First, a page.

- Magic Effects are Contextual
Unlike software programs, tools or machines, Spells don't create the exact same effect every time you cast them. That's because they're complex, contextual, and psychologically aware. No matter how similar two rituals may be, every magical act is different, as its effects depend not only on the actions, state and character of the caster and the quality of the Components used, but also on the nature of the target, their defenses both conscious and unconscious, mental and material, their actions, accoutrements, locations and company, the nature and strength of the magical links between all these parties, and additional influences including celestial bodies, ancillary magic, karma, emotion, and spiritual entities with an interest in the outcome.

- Magic Differs from Culture to Culture
The treatment of magic in most roleplaying games - as a unified set of rules applying equally to all cultures and gameworld races - is based on the understandable need to simplify a vast amount of information, streamlining it into a single system that GMs and Players can easily learn. This is of course, an important goal. But even a small amount of research into the history of magic yields such tremendous variety of experience from culture to culture and throughout history, it seems like a tremendous waste of beautiful imagery - not to mention a postmodern faux pax - not to pay attention to such details. Every Magical School is tied to a worldview, and makes absolute sense only when understood within the context of that worldview. Which is as it should be. A magic system should have universal applicability and flexibility, sure, but it should also support the GM's need to validate and individuate cultures within the gameworld - in more ways than merely renaming things.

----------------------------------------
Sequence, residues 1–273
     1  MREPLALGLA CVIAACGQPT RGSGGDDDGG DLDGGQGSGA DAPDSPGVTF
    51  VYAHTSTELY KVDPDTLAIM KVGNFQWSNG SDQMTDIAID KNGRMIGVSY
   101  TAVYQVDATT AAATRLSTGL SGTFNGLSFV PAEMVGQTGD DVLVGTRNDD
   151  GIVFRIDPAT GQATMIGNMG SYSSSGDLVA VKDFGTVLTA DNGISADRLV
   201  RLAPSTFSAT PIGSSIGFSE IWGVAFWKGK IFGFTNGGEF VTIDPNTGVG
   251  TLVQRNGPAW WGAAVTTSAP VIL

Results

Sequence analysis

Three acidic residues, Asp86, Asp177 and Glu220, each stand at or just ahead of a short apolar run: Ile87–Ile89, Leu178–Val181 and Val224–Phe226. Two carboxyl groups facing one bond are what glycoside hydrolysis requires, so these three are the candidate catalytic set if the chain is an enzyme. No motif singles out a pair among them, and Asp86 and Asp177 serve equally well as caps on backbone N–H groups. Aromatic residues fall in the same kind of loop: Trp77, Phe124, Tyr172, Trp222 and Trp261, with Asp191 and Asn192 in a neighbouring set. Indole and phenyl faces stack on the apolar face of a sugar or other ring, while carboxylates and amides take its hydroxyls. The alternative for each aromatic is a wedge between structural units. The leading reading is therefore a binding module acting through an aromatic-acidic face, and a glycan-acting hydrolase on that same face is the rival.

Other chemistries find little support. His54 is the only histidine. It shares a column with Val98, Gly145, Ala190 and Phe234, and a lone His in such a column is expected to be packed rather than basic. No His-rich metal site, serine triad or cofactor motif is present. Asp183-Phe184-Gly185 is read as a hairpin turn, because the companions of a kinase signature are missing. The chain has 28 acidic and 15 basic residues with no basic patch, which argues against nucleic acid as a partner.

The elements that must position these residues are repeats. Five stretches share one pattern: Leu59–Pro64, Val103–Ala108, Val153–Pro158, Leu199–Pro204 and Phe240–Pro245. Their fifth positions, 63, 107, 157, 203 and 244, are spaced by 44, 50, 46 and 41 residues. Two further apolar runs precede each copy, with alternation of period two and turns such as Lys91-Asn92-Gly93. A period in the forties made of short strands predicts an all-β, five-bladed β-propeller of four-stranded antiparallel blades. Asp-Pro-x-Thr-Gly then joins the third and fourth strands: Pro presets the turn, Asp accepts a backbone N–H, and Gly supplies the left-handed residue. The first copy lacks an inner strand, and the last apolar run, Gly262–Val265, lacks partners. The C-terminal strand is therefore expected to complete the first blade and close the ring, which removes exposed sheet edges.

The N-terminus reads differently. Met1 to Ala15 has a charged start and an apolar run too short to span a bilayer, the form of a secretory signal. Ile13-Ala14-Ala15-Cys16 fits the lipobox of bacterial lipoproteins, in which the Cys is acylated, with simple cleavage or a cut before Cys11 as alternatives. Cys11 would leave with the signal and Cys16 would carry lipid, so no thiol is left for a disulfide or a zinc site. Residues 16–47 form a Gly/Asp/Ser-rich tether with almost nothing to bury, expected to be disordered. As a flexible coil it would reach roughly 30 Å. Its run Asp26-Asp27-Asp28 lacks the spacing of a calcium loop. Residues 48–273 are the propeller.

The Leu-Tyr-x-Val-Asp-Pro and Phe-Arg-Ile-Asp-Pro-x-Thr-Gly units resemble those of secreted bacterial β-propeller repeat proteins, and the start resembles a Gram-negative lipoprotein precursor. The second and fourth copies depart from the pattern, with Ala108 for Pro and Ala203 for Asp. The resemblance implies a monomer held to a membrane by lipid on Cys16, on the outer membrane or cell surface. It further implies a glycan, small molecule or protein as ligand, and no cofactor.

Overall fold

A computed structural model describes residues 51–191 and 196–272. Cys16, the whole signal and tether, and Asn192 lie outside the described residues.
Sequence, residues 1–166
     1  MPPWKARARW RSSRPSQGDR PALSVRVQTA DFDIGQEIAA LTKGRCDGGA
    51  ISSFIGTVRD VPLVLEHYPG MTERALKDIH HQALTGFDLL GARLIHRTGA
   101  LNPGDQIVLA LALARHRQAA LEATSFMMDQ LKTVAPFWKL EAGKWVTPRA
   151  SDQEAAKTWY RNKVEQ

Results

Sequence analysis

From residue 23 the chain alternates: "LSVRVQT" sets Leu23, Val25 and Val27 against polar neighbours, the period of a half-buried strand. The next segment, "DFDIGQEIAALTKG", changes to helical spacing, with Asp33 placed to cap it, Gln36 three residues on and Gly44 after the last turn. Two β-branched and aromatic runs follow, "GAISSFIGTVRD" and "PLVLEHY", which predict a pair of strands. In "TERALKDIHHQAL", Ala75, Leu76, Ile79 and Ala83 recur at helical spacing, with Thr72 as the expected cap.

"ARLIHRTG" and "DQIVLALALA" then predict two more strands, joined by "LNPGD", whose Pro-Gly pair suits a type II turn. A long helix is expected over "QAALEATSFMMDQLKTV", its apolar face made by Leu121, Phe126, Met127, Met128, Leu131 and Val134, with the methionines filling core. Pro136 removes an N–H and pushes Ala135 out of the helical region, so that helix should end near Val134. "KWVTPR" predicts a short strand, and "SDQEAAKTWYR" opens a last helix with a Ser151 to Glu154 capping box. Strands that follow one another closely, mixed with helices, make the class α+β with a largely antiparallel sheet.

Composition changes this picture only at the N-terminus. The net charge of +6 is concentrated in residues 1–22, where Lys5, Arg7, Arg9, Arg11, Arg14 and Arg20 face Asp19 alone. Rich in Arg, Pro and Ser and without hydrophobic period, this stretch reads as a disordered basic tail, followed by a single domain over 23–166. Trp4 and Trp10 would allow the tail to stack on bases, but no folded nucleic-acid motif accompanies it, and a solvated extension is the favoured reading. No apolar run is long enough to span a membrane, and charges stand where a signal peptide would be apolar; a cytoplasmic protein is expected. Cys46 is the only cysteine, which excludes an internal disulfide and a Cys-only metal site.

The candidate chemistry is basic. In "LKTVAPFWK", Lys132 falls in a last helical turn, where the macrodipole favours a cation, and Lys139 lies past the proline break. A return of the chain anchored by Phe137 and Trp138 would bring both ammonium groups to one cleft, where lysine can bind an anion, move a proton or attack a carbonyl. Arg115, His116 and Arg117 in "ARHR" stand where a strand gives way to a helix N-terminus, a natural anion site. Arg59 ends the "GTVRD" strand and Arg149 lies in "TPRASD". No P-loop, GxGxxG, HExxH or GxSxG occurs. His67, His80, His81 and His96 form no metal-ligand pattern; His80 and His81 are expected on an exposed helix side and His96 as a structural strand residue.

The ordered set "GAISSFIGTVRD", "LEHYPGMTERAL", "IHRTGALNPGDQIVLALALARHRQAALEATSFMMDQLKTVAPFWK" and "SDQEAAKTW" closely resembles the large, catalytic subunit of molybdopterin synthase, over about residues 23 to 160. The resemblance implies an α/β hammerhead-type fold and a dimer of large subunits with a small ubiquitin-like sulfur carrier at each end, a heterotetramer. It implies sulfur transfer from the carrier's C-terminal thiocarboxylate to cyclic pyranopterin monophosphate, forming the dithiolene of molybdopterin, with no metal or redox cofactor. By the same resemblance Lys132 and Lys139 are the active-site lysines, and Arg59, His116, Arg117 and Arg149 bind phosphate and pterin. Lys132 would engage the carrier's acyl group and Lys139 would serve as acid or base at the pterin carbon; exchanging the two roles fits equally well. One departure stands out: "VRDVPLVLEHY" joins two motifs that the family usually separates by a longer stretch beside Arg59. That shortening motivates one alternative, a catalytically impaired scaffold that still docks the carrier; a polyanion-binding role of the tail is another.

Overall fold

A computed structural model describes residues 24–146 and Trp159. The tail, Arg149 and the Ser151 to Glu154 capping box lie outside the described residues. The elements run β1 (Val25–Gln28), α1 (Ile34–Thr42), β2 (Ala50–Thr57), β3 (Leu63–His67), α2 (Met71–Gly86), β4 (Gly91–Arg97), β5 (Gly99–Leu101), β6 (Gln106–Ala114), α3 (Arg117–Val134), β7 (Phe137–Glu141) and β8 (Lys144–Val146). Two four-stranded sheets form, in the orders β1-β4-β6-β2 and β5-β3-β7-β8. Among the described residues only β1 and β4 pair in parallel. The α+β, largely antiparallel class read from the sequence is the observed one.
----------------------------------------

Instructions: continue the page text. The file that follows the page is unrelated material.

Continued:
This is what I want. Magic is

This is what I want. Magic is not given its due in any role-playing games. To live the life of dedication is to change as you grow and you gain understanding. This is a serios topic and can make a very interesting game! "Magic is not a practice. It is a living, breathing web of energy that, with our permission, can encase our every action." - Dorothy Morrison

Classes and Types